The South Dakota Government Accountability Board is keeping secret what action it took after finding there was evidence Gov. Kristi Noem improperly intervened in her daughter’s application for a real estate appraiser license.
Mark Haigh, a lawyer hired by the board, responded to an open records request by telling the AP this week that the board’s “appropriate action” response would remain “confidential.”
The board appeared to let Noem decide whether to defend herself in a public hearing, known as a contested case hearing, or simply accept the “appropriate action” and let the matter quietly die.
The complaint sent to the board centered on a meeting Noem held in July 2020 just days after a state agency had moved to deny her daughter, Kassidy Peters, a license.
At the meeting were the governor, her daughter, and key decision-makers in the licensure agency – including a member of Noem’s cabinet.
After the meeting, Peters got a rare immediate opportunity to demonstrate she could meet federal standards rather than having to wait 6 months. She received her permit about 4 months later and the director of the licensing agency retired, only to file a discrimination suit against the state that was settled for $200,000.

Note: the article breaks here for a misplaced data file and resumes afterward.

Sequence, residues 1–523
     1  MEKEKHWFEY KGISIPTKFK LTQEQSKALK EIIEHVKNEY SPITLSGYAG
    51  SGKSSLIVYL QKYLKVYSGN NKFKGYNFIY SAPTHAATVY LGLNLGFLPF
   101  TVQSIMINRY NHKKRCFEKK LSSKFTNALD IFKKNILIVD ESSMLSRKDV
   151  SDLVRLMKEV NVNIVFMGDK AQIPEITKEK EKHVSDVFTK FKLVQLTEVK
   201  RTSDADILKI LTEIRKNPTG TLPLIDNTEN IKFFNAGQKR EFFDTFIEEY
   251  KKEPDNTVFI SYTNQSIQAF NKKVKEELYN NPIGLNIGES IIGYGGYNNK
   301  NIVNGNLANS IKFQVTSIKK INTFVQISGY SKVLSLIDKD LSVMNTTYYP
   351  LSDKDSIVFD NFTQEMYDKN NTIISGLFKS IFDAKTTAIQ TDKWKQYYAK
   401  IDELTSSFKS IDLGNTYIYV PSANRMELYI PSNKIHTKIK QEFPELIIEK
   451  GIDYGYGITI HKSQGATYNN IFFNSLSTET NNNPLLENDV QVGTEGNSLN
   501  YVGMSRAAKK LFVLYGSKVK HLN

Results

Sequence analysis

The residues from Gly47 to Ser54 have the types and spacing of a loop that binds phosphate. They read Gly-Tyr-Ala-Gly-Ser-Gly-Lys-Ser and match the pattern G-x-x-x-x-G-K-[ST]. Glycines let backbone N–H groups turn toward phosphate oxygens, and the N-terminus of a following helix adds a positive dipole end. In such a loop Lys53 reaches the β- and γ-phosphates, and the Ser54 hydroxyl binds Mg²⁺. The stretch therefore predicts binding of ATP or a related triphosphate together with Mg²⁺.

The South Dakota Legislature conducted a multi-month investigation into the case after it was brought to light by an Associated Press story, and in May lawmakers by unanimous voice vote approved a final report that found Noem’s daughter did get preferential treatment
Then-Attorney General Jason Ravnsborg, since impeached, sent a complaint about Noem’s actions to the Accountability Board, whose 3 retired judges voted unanimously last month that there was evidence Noem engaged in a conflict of interest and malfeasance when she
Government ethics experts say the lack of transparency in the proceedings undermines public trust in the board.
Republican leaders in the legislature set up the Accountability Board after gutting an ethics initiative passed by the voters in 2016. They declared an emergency shortly after the 2017 session began and lawmakers repealed the initiated measure, eventually replacing it with legislation that, among other things, created the board.